Which toothpaste should I be using?
With so many toothpaste options out on the market, it can sometimes be a little overwhelming for people to feel like they are making the right purchase. It's not uncommon for people to believe that there is a specific toothpaste that trumps them all. Some patients believe that whatever toothpaste their Dentist or dental hygienist is using is probably the toothpaste they should be using, but this may not necessarily be the true.
Which toothpaste do you recommend?
Whenever a patient asks me, "Which toothpaste do you recommend?" I always feel like they are asking me, "Which toothpaste do YOU use?" Instead of telling patient's which toothpaste I like to use, I recommend that they use a toothpaste based on the their specific needs or desires. All of my toothpaste recommendations will include some type of fluoride, unless the patient specifically says they don't want fluoridated toothpaste.
My toothpaste recommendations are based on a few factors and these are:
Risk for tooth decay: If a patient is constantly presenting with several new areas of tooth decay at every check up visit then it's a good idea to have the dentist recommend a prescription toothpaste with a higher concentration of fluoride such as PreviDent 5000 PLUS. Your dentist may recommend a specific brand that they prefer, but most of the time these prescription toothpastes have the exact same activate ingredient and concentration, 1.1% Sodium Fluoride.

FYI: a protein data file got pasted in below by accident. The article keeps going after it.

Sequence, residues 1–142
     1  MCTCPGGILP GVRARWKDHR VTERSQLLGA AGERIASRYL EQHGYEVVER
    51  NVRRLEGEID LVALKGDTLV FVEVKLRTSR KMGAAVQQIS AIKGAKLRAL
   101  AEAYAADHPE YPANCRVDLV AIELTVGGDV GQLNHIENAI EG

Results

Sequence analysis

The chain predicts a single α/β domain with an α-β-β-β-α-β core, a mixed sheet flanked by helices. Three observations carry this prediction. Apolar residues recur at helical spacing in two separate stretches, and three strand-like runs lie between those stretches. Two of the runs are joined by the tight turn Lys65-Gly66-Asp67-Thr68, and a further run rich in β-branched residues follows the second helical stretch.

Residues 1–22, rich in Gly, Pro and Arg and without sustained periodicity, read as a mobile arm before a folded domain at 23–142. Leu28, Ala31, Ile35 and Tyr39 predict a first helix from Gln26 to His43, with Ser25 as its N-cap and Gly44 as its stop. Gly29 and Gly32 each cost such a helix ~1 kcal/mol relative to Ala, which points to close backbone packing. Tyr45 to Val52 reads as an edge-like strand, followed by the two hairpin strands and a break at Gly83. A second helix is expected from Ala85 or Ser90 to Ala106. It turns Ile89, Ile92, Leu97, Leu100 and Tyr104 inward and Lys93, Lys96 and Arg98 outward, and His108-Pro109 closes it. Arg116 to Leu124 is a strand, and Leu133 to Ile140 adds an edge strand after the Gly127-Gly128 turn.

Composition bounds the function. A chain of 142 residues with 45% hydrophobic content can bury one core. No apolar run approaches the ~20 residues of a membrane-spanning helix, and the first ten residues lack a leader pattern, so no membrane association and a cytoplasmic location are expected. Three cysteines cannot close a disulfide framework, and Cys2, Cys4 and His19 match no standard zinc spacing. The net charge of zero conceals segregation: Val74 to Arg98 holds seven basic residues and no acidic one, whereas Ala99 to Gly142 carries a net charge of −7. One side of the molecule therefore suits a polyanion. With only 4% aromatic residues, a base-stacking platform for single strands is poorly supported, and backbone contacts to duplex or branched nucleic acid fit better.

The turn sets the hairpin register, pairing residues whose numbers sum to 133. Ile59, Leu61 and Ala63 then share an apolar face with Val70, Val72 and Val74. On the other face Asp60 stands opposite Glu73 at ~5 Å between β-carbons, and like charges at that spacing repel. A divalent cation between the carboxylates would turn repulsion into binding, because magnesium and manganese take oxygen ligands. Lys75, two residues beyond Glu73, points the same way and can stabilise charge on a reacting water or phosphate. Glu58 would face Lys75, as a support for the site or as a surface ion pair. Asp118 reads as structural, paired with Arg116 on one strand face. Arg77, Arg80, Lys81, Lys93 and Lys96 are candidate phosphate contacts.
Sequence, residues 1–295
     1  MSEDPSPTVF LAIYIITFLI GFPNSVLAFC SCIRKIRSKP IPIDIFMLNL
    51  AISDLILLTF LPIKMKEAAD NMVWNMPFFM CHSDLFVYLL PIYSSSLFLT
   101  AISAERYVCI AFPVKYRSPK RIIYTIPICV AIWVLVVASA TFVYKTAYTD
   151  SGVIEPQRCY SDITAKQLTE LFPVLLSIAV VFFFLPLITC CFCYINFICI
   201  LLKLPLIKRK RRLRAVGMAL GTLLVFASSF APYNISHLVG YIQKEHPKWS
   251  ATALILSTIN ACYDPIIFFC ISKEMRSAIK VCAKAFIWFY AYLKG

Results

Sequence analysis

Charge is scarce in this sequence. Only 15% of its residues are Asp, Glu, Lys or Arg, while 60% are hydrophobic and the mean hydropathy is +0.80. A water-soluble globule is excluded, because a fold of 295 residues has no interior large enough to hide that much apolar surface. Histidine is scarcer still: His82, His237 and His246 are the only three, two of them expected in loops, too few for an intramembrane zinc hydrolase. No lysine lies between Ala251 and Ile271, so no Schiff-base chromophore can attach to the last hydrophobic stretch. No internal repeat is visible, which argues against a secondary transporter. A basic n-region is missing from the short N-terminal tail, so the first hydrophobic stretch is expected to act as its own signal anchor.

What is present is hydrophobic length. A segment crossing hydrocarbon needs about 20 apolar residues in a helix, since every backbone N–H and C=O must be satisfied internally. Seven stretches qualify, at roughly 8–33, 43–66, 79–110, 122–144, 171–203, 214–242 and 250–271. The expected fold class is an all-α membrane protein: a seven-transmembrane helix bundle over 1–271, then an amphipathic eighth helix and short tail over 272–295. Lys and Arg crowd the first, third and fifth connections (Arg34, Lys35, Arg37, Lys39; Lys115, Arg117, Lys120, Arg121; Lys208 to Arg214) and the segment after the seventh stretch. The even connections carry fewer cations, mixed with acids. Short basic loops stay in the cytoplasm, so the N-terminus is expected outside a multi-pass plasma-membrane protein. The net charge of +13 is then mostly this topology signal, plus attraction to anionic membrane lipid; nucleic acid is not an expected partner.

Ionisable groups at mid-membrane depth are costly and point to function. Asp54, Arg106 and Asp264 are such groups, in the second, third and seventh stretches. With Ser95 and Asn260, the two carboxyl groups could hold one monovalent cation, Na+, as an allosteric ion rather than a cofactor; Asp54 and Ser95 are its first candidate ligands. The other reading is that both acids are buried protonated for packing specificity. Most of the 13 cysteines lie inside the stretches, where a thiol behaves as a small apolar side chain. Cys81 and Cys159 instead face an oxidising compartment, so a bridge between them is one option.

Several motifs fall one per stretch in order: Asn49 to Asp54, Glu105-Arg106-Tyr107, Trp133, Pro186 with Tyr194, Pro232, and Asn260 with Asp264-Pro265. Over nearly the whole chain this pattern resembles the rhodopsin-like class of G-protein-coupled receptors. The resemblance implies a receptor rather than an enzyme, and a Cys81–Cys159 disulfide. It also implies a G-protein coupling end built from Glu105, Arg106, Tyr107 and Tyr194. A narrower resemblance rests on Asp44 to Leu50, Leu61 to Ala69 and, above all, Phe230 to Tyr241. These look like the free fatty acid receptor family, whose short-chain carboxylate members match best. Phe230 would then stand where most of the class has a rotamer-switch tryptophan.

Risk for gum disease: If a patient has inflamed and bleeding gums then it's a good idea to recommend a toothpaste that helps fight gum disease. I personally recommend Crest's Gum Detoxify because it has the active ingredient Stannous Fluoride which acts as an antimicrobial and helps reduce gingivitis.
Does the patient have sensitivity to cold and/or hot?: If the patient is experiencing sensitivity to cold and/or hot temperatures this could be a result of root exposure. In this case recommending a tooth paste with the active ingredient Potassium Nitrate can help reduce tooth sensitivity. I typically recommend Colgate's Sensitive complete protection, but Sensodyne toothpaste is a more popular option.
Are the patient's teeth stained?: If the patient feels like they have stained teeth and this is a result of drinking coffee, tea, or any other substance that causes stains. Then recommending a toothpaste that has hydrogen peroxide, microbeads or activated charcoal can help reduce these stains. However if a patient has sensitive teeth then I wouldn't recommend using a toothpaste with hydrogen peroxide as there is a chance this may worsen their tooth sensitivity.
You can find all of these active ingredients and their purpose by simply locating the "Active ingredient" section on the ingredient's label of the toothpaste. It's important to know that all of these activate ingredients are available through several different companies and toothpaste flavors. I recommend that you find a toothpaste that has the active ingredient that you're searching for then choose a flavor that you might like.
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